No, time is of the essence. We need to move quickly and get some market reaction. That’s the only thing we don’t know. Our R+D people think that it’s pretty straightforward technically. In terms of marketing, we can simply utilise our supportive retailers. So it all looks good – the only unknown is likely sales so we can work out the financials. That’s why we need a concept test and fast!

Concept Test Results – October 2005

The marketing team decided that the best way to conduct the concept test was to conduct a series of focus groups. Four different groups were conducted. The groups varied by age and gender (that is younger males, older males, younger females, and older females). The broad results were as follows:

  • All groups agreed that the product was an innovative idea,
  • All groups indicated that they regularly used their microwaves and their toasters,
  • Younger males indicated that they would definitely buy this product,
  • Other groups indicated that they may buy this product, and
  • Product concerns were lack of portability, ability to clean, and overall look.

As a result of these outcomes, and despite strong doubts from Brad and Katie, Tom decided to ‘green light’ this product and move to the development stage (due to the strength of interest from a potential target market – younger males).

Fast Development

As R+D suggested, they were able to prepare a prototype of the Moat fairly quickly. The next step was the setting up of the manufacturing line. This was initially scheduled for two months, but ended up taking five months to complete.

While production capacity was being established, Tom’s marketing team started preparing the promotional materials for their sales representatives, as well as significant POP materials and various trade offers. This is because they had decided that the best approach was via trade promotion. (Note: They were generally “push” marketers anyway, and had not done a lot of consumer promotion in the past.)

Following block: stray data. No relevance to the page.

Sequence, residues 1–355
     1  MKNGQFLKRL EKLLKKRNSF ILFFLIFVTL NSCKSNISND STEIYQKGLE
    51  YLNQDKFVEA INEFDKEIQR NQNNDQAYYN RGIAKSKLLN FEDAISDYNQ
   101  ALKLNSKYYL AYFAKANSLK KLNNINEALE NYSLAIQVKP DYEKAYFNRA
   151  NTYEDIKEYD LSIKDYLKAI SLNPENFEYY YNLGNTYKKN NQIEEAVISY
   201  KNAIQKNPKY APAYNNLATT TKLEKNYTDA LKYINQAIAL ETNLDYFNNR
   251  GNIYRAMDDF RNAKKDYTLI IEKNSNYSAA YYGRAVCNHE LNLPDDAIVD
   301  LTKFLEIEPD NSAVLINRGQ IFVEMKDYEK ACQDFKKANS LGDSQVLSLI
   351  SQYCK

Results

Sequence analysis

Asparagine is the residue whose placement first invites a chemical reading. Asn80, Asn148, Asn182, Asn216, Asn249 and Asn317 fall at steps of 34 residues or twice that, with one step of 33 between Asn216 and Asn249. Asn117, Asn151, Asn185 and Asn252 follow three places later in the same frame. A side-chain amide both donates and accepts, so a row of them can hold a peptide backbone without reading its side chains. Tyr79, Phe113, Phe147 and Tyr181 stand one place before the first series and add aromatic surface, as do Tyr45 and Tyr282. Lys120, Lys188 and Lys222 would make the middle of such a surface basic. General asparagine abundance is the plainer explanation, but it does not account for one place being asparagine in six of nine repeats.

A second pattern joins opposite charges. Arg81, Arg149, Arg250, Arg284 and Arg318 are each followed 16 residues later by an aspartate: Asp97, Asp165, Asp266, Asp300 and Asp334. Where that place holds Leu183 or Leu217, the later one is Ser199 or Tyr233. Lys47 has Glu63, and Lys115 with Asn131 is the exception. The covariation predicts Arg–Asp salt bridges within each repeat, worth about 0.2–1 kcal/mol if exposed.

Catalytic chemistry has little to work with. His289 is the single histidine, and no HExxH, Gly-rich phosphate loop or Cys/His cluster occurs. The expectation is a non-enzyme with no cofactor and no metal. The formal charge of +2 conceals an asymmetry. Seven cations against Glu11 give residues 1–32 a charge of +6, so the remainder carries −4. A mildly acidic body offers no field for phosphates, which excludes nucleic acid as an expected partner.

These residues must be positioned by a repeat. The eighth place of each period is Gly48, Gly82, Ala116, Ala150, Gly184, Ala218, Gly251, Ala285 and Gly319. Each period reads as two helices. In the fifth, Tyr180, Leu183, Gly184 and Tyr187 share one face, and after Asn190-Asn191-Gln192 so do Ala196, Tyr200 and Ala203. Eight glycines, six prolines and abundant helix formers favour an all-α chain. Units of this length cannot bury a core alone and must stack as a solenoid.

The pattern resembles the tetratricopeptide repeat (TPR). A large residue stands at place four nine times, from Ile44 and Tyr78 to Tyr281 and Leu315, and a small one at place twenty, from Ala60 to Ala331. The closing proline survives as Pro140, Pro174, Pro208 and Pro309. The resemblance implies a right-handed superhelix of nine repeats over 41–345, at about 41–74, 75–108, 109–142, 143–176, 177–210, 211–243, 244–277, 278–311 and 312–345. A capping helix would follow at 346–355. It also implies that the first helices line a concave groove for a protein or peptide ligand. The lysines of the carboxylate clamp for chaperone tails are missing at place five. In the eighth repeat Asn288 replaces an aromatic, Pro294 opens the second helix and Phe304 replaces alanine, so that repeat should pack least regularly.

The “Unlucky” Launch

Almost in record time, the Moat hit the market in May 2006. However, sales to-date have been very poor, with less than 50 units sold in total across all their retailers. Even some of their ‘non-core’ retailers have already informed West-White that they no longer wish to stock the product. These retailers suggested that:

  • The ‘look’ of the product is unattractive,
  • It does not have the ‘convenience’ of having the two products (that is, microwave and toaster) as separate appliances, and
  • They also state that most consumers usually come into their stores to buy either a toaster OR a microwave (either for themselves or as a gift), and that very few people are looking to buy both at the one time.

Regardless of the initial results, Tom remains optimistic for the product’s long-term success. According to Tom, “It’s simply a product ahead of its time – you’ve got to think of the product diffusion curve – it’s a new-to-the-world product that will take a while to be adopted. In the future it will become a very big seller. And besides, we were very unlucky that its launch coincided with a major national campaign by Samsung for their range of household appliances. We don’t have the promotional dollars to match a large competitor like that.”

At the moment, Tom’s team is working on a plan to target the Moat more directly at innovators and early adopters (in order to increase its speed of adoption).  “We simply have to get some reasonable initial sales, and then word-of-mouth promotion will do the rest”, said Tom.



  1. List the broad steps that they undertook in their new product process.
  2. Which parts of the process did they do well?
  3. Which parts of the process do they need to improve?
  4. Other than considering their product development activities, what other strategic advice do you have for them?